It’s a fight against the odds, but Robinson never let odds stand in his way. So fans, let your voices be heard, and demand that the Mets give us Jackie Robinson Field — the most fitting way for the pioneering ballplayer’s legacy to live on in the city where he helped change our world.

Read the full article…………

Mets New Stadium – Taxpayer Field

Tax Payer Field

Taxpayer Field

FROM NEWSDAY

BY KEITH HERBERT

January 30, 2009

Two members of the House of Representatives are demanding that the Mets scrap their $400-million naming-rights deal with financially troubled Citigroup because of the bank’s receipt of federal bailout money.

Reps. Dennis Kucinich (D-Ohio) and Ted Poe (R-Texas) sent a letter to Treasury Secretary Timothy Geithner requesting he “dissolve” the contract with the Mets to name their stadium Citi Field. The Mets’ home opener there is set for April 13.

In an interview yesterday, Kucinich said the financial behemoth is in no position to lay out cash to have its name on the Queens stadium. “It’s just totally unacceptable that Citigroup should be able to spend $400 million in naming rights when they’re the recipients of a massive federal bailout,” he said.

Kucinich and Poe wrote that Citigroup’s financial footing “has changed drastically” since the naming rights deal was struck in 2006. The agreement calls for Citigroup to pay $400 million over 20 years for the naming rights.

The Mets “are fully committed to our contract with Citigroup,” said Jay Horowitz, the team’s spokesman.

Steve Silverman, a spokesman for Citigroup in Manhattan, called the contract with the Mets a “legally binding agreement” signed two years ago.

Once a financial juggernaut, Citigroup has been hit hard in the economic downturn. Taxpayers have funneled $350 billion to the banking giant as part of a federal financial rescue, including loans, in the last several months, the representatives wrote in their letter.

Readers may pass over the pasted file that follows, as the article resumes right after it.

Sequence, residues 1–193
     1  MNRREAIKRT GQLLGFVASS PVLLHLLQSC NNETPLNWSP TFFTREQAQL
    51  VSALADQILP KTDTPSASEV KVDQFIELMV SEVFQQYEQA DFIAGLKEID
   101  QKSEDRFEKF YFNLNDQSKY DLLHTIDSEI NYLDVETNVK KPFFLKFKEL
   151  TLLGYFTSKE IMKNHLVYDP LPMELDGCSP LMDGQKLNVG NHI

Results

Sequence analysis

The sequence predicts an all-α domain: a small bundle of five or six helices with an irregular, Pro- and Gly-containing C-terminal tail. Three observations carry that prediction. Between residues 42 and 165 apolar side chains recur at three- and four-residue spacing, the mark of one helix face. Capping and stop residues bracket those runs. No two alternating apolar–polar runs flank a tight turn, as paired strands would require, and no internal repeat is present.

In November, Citigroup announced plans to cut 50,000 jobs.

Questions relating to the naming rights deal emerged last year as the financial institution’s troubles surfaced and some wondered if the record-setting deal should be ditched. Two Staten Island councilmen even proposed changing the name to Taxpayer Field.

READ THE FULL STORY HERE

Among the athletic venues that have had to be renamed because of financial or legal woes of their sponsors:

ENRON FIELD. The Houston Astros bought back the naming rights of their ballpark shortly after Enron Corp. declared bankruptcy in late 2001. On June 5, 2002, the Astros announced that Minute Maid Co. would pay an estimated $170 million for a new 28-year naming rights deal.

MCI CENTER. The multipurpose venue in Washington, D.C., became the Verizon Center in 2006 after Verizon acquired MCI WorldCom in the wake of the WorldCom scandal.

ADELPHIA COLISEUM. In 2002, when Adelphia Communications went bankrupt, the NFL’s Tennessee Titans exited the naming contract without financial penalties. The stadium became known as The Coliseum until naming rights were acquired by Louisiana-Pacific (LP Field) in 2006.

PAIGE SPORTS ARENA. In 2004, the new basketball arena at the University of Missouri was named after the daughter of two major donors to the university. After allegations of academic fraud against the daughter surfaced, her parents removed her name from the arena.

PSINET STADIUM. The Baltimore Ravens’ home field became M&T Bank Stadium in 2003 after PSINet declared bankruptcy.

Former Met & Yankee Rickey Henderson Gets The Call

rickey_henderson_autograph

Former Yankee & Met Rickey Henderson got the call yesterday. 511 of the 539 baseball writers (94.8%) voted to induct Henderson into the Baseball Hall of Fame on his first year of eligibility. Henderson is baseballs career leader in runs scored (2,295), stolen basses (1,406), and leadoff HR’s (81). Henderson is second in walks (2,190). Henderson played for the Yankees from 1985 – 1989 and with the Mets from 1999 – 2000. The Bay Terrace Cafe would like to congratulate Rickey Henderson on this amazing accomplishment. Thank you for all the years of exciting baseball and many memories.